13Now that same day two of them were going to a village called Emmaus, about seven miles from Jerusalem. 14They were talking with each other about everything that had happened. 15As they talked and discussed these things with each other, Jesus himself came up and walked along with them; 16but they were kept from recognizing him. 17He asked them, “What are you discussing together as you walk along?” They stood still, their faces downcast. 18One of them, named Cleopas, asked him, “Are you only a visitor to Jerusalem and do not know the things that have happened there in these days?” 19“What things?” he asked.  “About Jesus of Nazareth,” they replied. “He was a prophet, powerful in word and deed before God and all the people. 20The chief priests and our rulers handed him over to be sentenced to death, and they crucified him; 21but we had hoped that he was the one who was going to redeem Israel. And what is more, it is the third day since all this took place. 22In addition, some of our women amazed us. They went to the tomb early this morning 23but didn’t find his body. They came and told us that they had seen a vision of angels, who said he was alive. 24Then some of our companions went to the tomb and found it just as the women had said, but him they did not see” (Luke 24:13-24).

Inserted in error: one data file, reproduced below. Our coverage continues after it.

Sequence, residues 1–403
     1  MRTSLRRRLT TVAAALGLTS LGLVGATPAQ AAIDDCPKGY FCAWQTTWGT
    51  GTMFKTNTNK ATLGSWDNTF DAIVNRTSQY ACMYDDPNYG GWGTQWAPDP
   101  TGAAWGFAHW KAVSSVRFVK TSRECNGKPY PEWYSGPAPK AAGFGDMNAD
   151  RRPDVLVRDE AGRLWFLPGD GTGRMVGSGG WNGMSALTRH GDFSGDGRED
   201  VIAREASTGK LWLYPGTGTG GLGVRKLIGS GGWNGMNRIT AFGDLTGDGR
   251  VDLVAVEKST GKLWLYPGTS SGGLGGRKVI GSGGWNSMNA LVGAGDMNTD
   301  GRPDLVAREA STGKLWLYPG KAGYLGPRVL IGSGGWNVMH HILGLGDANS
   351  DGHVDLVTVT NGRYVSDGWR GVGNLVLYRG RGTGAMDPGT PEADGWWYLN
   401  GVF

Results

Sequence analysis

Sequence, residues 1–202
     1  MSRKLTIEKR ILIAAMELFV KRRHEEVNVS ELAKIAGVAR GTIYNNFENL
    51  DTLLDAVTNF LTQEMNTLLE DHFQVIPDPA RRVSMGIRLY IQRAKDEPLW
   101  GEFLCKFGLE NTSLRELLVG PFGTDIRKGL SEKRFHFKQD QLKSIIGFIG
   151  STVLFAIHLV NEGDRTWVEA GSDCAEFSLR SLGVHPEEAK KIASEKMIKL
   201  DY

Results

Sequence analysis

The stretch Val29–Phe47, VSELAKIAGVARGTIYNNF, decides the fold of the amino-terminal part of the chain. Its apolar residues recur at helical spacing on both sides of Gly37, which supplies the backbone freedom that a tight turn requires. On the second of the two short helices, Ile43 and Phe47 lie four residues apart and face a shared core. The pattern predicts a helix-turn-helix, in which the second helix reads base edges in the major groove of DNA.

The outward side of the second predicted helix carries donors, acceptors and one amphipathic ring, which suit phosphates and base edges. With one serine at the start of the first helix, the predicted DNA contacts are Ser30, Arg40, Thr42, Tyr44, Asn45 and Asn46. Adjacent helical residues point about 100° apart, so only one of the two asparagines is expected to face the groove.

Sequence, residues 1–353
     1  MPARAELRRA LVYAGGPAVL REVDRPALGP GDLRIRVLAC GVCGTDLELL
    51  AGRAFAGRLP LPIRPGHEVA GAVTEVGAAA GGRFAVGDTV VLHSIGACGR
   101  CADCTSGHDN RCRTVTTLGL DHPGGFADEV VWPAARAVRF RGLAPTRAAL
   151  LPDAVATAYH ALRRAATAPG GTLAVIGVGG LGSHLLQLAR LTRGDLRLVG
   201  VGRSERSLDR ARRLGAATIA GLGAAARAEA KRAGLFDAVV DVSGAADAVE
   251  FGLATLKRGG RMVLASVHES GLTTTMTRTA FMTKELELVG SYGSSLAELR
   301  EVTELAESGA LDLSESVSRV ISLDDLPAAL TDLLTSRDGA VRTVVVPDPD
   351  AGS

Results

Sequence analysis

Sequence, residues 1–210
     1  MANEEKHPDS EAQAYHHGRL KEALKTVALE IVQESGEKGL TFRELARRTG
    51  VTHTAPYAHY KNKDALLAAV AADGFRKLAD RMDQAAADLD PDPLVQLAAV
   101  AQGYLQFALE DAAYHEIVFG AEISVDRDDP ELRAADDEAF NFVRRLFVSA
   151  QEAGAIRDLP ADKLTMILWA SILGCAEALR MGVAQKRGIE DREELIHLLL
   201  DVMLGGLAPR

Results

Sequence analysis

In this passage, we have two disciples of Christ walking together toward the village of Emmaus, seven miles westward of Jerusalem. We are told the name of one, Cleopas (Verse 11), but not the other. The day they were walking we know to be Resurrection Sunday, the third day after the crucifixion of Christ (Verse 21). Passover had finished, but the Feast of Unleavened Bread, which lasted seven days, was continuing. To walk any further than a mile on the Sabbath was considered work, so this was their first opportunity to walk more than a mile. We don’t know why they were walking westward away from Jerusalem; it may have been that they were walking to their homes or to a place of work.